It truly breaks my heart that some people who speak the language of freedom do not understand it.
Freedom is not reserved for those who think like you, look like you, worship like you, “honor” the trappings of patriotism like you. Freedom belongs to everyone.
It belongs to the athlete who stands for the national anthem and places his hand over his heart, and it belongs to the athlete who takes a knee while the national anthem is played to draw attention to what he perceives as a social injustice. If freedom belongs to the first athlete and not the second, then it is not freedom.
It belongs to the student who rises and faces the flag to recite the pledge every morning, and it belongs to the student sitting next to him who decides not to stand because doing so would violate his religion. And it belongs to the agnostic or atheist student who chooses not to stand because someone in the 1950s who was afraid of communism decided to shove the words “under God” into the pledge. If freedom only belongs to the first student, then it is not freedom.
It belongs to the happy voter who celebrates his candidate’s victory by waving an American flag, and it belongs to the discontented voter who protests his candidate’s loss by burning the American flag. If freedom only belongs to the first voter, then it is not freedom.
No veteran fights for the flag. No soldier dies for the flag. The flag is a symbol of the freedom for which they fought and died. And that freedom applies to all, even to those who would exercise it in ways others find unpalatable. Especially to those who would exercise it in ways others find unpalatable. If it doesn’t apply to them, then it is not freedom.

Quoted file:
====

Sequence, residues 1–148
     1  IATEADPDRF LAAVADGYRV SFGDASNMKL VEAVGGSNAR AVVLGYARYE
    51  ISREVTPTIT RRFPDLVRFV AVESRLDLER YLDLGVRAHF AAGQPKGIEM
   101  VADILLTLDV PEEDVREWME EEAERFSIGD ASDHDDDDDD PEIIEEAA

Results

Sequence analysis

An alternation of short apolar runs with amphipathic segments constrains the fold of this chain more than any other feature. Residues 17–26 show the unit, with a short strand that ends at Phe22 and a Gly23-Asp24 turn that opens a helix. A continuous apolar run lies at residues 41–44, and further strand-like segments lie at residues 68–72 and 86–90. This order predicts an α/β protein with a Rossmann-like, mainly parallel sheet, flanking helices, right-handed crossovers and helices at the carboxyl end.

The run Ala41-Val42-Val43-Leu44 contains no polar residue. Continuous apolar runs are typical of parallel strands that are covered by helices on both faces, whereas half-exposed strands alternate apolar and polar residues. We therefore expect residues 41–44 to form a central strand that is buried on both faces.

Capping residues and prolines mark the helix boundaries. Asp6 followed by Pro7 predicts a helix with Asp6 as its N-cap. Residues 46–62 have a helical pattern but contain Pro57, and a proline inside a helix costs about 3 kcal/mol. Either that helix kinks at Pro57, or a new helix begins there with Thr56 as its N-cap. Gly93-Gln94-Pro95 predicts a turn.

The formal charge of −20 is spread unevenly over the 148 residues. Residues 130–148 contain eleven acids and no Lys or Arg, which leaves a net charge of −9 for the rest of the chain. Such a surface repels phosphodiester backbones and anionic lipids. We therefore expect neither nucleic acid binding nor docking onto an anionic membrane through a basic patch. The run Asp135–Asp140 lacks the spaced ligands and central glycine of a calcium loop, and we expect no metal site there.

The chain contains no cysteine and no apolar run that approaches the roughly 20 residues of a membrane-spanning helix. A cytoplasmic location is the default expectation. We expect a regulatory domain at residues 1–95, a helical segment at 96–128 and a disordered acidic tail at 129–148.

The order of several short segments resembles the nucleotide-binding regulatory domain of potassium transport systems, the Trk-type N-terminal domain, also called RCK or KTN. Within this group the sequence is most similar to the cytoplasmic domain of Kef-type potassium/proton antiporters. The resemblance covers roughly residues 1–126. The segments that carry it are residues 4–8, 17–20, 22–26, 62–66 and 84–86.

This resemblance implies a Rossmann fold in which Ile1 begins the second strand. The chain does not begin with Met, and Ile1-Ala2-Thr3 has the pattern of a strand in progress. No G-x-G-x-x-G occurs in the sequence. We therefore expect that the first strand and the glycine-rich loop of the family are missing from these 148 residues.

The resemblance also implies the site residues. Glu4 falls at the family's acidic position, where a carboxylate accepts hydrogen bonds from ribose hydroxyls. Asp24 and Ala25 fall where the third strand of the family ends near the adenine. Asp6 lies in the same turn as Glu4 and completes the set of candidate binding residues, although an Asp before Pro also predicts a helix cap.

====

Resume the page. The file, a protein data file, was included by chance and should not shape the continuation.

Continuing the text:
The notion that “desecrating” the flag is disrespectful to veterans should offend every veteran who truly understands the freedom for which he served.
I’ve said it before and I’ll say it again:
The pledge of allegiance is not a prayer.
The Star Spangled Banner is not a hymn.
Patriotism is not worship.
The flag is not an idol.
And protest is not blasphemy.
Anyone who disagrees, by definition, commits idolatry and opposes freedom. There’s no middle ground here. You either recognize freedom or you don’t. You may not like how others express their freedom. No one’s asking you to. But if you value freedom, you respect their right to do so. If you do not respect someone’s right to sit for the pledge, kneel for the anthem, or burn a flag in legal, safe protest, then you do not value freedom. You just don’t. You may abhor their behavior, but if you do not respect their legal right to behave that way, then you do not value freedom.
Flag worship is unAmerican. There is no difference between jailing someone in Saudi Arabia for dishonoring the Qu’ran and jailing someone in the United States for dishonoring the flag. None. In each case a person is being penalized by the state for not respecting that which someone else holds sacred. Under the U.S. Constitution, we do not have the right to force others to recognize that which we hold sacred, whether it’s a Bible, a cross, a rosary, a Qu’ran or an American flag.
I can paint a picture of Mohammed reading the gospel of John in front of Old Glory and set the whole painting on fire, and I will not have committed a crime. I may offend a few people. Too bad, so sad. Offending you is not against the law. You don’t jail people for it. You don’t try to revoke their citizenship. That’s fascism. That’s state-worship. That’s idolatry.
And that is a disgrace to the service and sacrifice of our veterans.
At-large director on the national board of the Society of Professional Journalists.
Former president of the National Association of Hispanic Journalists and of UNITY: Journalists of Color.
An extreme moderate, not committed to political ideology.
Stepfather to two wonderful daughters. Father to two wonderful sons. Husband.
Rogue karaoke singer.
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